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British English native have translate this sentence in Croatian:

Growing vegetables has always been a normal pursuit in the countryside and in towns.

like this in English:

Growing vegetables has always been a perfectly normal pursuit in the countryside and in towns.

Why "perfectly"?

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  • Your former sentence, you've translated it from Croatian yourself. So I think the question boils down to why machine translation has inserted a "perfectly" out of nowhere? AFAIK, the answer to that is "because".
    – M.A.R.
    Mar 1, 2017 at 19:06
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    Including "perfectly" simply emphasises how normal it is. Mar 1, 2017 at 19:14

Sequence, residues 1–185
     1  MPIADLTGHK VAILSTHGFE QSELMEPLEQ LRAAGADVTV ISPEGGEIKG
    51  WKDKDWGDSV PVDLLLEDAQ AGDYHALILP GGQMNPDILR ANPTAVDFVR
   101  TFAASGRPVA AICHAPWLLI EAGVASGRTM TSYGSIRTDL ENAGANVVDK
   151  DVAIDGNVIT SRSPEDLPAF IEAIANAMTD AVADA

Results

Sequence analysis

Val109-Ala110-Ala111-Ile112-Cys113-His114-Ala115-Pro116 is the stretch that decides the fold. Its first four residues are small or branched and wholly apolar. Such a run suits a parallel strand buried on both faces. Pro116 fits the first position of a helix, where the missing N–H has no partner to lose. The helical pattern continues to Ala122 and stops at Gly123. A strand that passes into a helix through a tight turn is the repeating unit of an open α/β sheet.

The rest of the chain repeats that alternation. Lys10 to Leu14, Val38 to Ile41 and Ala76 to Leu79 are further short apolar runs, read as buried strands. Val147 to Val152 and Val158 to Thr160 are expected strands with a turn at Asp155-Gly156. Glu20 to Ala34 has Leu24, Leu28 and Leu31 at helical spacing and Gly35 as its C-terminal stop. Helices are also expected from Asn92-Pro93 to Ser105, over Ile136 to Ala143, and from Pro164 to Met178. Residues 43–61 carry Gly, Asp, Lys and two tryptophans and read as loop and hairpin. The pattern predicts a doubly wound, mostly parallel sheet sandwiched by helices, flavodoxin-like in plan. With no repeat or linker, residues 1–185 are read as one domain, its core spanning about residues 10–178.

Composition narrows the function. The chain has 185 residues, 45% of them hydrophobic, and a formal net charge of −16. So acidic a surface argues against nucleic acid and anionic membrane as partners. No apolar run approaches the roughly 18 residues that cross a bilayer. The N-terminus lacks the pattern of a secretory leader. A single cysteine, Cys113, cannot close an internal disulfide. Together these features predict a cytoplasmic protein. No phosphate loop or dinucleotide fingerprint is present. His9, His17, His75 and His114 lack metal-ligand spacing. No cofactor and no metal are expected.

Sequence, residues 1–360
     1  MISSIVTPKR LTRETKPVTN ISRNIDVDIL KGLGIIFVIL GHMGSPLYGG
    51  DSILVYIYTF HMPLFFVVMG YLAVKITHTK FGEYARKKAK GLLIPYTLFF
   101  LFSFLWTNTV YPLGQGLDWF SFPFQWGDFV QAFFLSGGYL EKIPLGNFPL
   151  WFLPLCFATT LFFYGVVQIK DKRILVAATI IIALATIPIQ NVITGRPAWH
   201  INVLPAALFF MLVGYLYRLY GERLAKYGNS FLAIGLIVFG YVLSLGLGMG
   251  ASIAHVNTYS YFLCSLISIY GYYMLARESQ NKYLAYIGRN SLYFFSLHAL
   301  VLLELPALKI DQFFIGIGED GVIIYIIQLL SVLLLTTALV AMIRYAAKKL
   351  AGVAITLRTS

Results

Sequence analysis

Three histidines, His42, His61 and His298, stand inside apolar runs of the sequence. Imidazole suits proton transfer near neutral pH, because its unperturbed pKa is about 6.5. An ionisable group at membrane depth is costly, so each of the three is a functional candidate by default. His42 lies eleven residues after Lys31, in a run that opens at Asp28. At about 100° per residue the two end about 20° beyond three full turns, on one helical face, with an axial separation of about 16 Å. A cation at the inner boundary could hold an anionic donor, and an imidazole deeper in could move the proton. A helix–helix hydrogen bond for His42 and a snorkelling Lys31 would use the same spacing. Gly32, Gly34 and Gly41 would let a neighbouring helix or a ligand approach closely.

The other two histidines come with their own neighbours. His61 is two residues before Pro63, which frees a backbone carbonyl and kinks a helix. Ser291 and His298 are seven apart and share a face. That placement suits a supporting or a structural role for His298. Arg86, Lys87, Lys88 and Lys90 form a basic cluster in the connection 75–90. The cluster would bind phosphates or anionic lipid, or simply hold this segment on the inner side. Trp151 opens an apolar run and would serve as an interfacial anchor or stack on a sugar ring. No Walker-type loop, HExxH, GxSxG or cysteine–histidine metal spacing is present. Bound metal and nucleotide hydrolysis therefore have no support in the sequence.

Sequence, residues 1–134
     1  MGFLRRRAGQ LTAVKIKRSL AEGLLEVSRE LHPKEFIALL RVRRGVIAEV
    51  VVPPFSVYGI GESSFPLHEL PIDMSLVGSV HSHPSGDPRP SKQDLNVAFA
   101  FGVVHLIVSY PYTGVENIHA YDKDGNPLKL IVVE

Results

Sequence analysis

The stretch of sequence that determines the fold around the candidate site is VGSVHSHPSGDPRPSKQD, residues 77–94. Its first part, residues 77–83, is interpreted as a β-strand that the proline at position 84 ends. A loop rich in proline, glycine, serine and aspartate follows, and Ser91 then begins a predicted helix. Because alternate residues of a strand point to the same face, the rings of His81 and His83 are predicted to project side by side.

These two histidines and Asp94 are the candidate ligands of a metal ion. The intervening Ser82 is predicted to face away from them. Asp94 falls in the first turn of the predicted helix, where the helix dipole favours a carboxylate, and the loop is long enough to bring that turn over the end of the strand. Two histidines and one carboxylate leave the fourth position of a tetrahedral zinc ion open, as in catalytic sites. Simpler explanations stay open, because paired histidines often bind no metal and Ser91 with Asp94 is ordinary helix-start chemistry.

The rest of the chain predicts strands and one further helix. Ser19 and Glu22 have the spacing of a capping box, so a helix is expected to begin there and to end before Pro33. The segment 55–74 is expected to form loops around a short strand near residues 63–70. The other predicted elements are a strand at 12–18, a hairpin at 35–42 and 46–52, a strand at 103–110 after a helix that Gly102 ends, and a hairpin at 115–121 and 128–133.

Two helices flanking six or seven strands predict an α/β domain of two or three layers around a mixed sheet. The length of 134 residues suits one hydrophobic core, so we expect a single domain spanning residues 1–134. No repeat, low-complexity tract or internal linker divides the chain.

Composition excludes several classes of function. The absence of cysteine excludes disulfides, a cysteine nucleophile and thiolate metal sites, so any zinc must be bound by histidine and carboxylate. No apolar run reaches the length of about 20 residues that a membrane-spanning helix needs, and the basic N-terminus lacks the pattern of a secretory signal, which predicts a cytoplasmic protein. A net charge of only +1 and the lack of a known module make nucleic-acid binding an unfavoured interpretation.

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    This really isn't related to British English. This is a standard usage in American English, too.
    – Catija
    Mar 1, 2017 at 19:43

1 Answer 1

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Saying something is "perfectly normal" is a response to an (often unspoken) argument or expectation that some activity is not normal. For example:

I don't know what you're staring at. Wearing galoshes on a sunny day is perfectly normal.

People say she's odd, but she thinks eating dessert before dinner is perfectly normal.

I can't tell from the context of your sentence whether the use of "perfectly" is justified. The implication is that growing vegetables is not something you would expect, and you would be surprised that it is a common activity.

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